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Jewish Journal

Anti-Semitism vs. Facebook

by AMANDA SCHWARTZ, Contributing Writer

July 13, 2010 | 5:08 pm

Following the “Kick a Ginger Day” violence targeting redheads at a Calabasas middle school last November and the subsequent unease it inspired, “Kill a Jew Day” Facebook events have been popping up on the social networking site in rapid succession over the past month despite efforts to counteract the threats and hateful sentiments.

While the majority of these pages have been deactivated by Facebook within 24 hours of their creation, their repeated appearance and the ease with which users can post such events calls into question the distinction between free speech and hate speech, as well as Facebook’s response to the content. 

According to Facebook representative Simon Axten, the site is “highly self-regulating, and users can and do report content that they find questionable or offensive.”

Although Axten would not comment on the specifics of any of the pages, many of these events were deactivated only after counter-campaigns urged users to report the events to the Facebook administration.

Facebook’s Statement of Rights and Responsibilities requires users to “not bully, intimidate or harass any user” and “not post content that is hateful, threatening or pornographic; incites violence; or contains nudity or graphic or gratuitous violence.”

These “Kill a Jew Day” events have featured directives such as “you must kill at least one Jew” or “you know the drill, guys.” Nearly all have used swastikas as their avatars.

“They’re horrible and disgusting,” said Lila Mendelsohn, 16, of the events.

After seeing one while browsing Facebook last week, the Los Angeles resident, a rising senior at Hamilton High School and n’siah — president — of her local B’nai B’rith Youth Organization (BBYO) chapter, reported the event to the Facebook administration but decided more needed to be done. 

With help from fellow BBYO member Elise Jackson, 17, Mendelsohn created an event titled “One Million Strong Against Kill a Jew Day.” Both girls invited all their Facebook friends to take action against the event and posted a link so that others could report it to Facebook.

Within hours, hundreds of Facebook users had clicked that they were “attending” the “One Million Strong” event. By the next morning, the “Kill a Jew Day” event had been deactivated. 

In contrast, “One Million Strong” currently has over 10,000 listed as “confirmed guests.”

Although Mendelsohn and Jackson acknowledge that they have already succeeded at their original goal, they believe that the sentiment behind their event still holds value.

“Even though one has been taken down, many more pages and groups have been made,” Mendelsohn said.

The “One Million Strong” event is just one of a number of Internet campaigns urging the removal of anti-Semitic content from the Internet or Facebook.

For the past two years, the Jewish Internet Defense Force (JIDF), a pro-Israel advocacy organization that cites a network of over 250,000 supporters, has worked to expose and remove anti-Semitic material online.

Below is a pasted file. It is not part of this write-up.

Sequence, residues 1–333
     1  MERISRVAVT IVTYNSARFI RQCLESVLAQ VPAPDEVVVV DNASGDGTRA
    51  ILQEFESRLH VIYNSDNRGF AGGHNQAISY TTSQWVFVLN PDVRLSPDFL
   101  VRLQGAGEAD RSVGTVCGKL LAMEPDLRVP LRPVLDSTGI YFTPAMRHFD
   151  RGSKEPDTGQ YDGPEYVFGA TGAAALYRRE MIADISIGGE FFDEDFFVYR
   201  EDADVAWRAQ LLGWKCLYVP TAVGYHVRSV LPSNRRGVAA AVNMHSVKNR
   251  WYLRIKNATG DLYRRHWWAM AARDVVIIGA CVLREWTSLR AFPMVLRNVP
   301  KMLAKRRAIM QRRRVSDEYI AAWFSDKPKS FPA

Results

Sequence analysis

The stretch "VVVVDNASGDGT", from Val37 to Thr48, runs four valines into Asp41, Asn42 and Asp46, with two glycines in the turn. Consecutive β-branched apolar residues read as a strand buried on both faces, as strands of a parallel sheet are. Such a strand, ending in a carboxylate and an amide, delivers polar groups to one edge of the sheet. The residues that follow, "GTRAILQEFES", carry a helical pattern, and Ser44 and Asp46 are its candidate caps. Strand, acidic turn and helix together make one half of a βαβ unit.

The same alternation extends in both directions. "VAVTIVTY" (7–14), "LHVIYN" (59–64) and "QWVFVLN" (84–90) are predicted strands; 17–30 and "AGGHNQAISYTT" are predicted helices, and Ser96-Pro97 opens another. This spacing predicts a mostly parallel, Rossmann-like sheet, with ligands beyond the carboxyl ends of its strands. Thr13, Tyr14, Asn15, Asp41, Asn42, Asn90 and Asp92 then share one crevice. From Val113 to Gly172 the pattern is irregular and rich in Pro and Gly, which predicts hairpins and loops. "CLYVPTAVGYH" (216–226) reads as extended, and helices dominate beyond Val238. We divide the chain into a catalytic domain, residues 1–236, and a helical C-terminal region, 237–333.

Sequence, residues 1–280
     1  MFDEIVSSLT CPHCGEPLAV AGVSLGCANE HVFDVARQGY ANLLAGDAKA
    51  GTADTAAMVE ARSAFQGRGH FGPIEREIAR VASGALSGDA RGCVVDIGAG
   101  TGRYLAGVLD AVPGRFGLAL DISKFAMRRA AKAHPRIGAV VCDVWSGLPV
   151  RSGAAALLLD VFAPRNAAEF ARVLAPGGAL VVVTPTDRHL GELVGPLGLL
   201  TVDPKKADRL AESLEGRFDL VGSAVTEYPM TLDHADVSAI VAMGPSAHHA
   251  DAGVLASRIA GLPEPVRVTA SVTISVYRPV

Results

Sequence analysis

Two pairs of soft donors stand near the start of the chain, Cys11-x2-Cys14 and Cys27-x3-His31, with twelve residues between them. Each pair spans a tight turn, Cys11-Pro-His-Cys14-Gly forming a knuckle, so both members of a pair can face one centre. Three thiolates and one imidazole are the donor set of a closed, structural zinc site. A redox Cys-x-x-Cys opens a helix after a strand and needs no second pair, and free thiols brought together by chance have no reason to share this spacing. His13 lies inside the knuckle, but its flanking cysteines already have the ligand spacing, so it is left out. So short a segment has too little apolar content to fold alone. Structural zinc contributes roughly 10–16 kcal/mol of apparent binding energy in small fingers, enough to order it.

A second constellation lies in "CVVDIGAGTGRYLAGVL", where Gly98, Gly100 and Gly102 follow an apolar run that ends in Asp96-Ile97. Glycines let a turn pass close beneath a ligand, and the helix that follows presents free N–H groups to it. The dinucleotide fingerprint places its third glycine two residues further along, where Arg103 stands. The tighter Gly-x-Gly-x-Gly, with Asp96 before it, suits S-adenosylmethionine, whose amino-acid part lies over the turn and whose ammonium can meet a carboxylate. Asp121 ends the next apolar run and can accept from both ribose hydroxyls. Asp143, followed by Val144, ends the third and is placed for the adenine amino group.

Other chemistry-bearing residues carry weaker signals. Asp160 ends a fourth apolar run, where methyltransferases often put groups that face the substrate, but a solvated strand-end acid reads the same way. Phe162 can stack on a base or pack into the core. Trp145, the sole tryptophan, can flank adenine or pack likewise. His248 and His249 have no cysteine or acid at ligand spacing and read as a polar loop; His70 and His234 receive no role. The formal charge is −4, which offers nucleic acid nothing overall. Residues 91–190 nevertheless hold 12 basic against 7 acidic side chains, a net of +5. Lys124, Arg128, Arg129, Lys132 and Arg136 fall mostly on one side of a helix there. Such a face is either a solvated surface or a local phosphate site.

“Our approach has always been to expose the material, get our network to report it, and call out the companies like Facebook and YouTube for their negligence in dealing with these issues effectively,” wrote JIDF founder David Appletree in an e-mail. 

The JIDF Web site features “Action Alerts” for various “Kill a Jew Day” events on Facebook and urges visitors to the page to report any existing events as well.

Appletree believes that Facebook has failed to take a forceful enough approach toward these matters.

“Their ‘enforcement’ of their own rules is inconsistent,” Appletree wrote. “Sometimes, they seem to react quickly; other times, they don’t react at all.”

According to Axten, Facebook has a large team of professional investigators who review and respond “as quickly as possible” to reports from the over 400 million people who use Facebook.

“The team prioritizes reports for the most serious violations, including those for nudity, pornography and harassment, which are typically handled within 24 hours.”

Additionally, Axten said, Facebook disables the accounts of people who “routinely violate our policies.”

Appletree believes Facebook should take a more proactive approach and immediately remove offensive material, instead of waiting for reports from users.

Other Facebook events that have sprung up include “Thrill a Jew Day,” as well as the group “We Are Disgusted by the Facebook Event ‘Kill a Jew Day.’ ”

Although both the “One Million Strong Against Kill a Jew Day” event and the JIDF urge nonviolent action, other events list suggestions such as “kill a neo-Nazi” or “drown a Flotilla.”

Jackson and Mendelsohn have discouraged users from posting counter-threats on their event.

“We don’t want people to respond with threats of violence,” Jackson said. “It’s just as bad.”

July appears to have marked an increase in Facebook events encouraging anti-Semitic violence. However, as early as last November, Haaretz reported a “Kick a Jew Day” event at a middle school in Naples, Fla., which resulted in the suspension of 10 students who had taken part in the event.

“When people aren’t standing up for their rights or what they believe in, it only makes the other people stronger and allows them to step all over them,” Jackson said.

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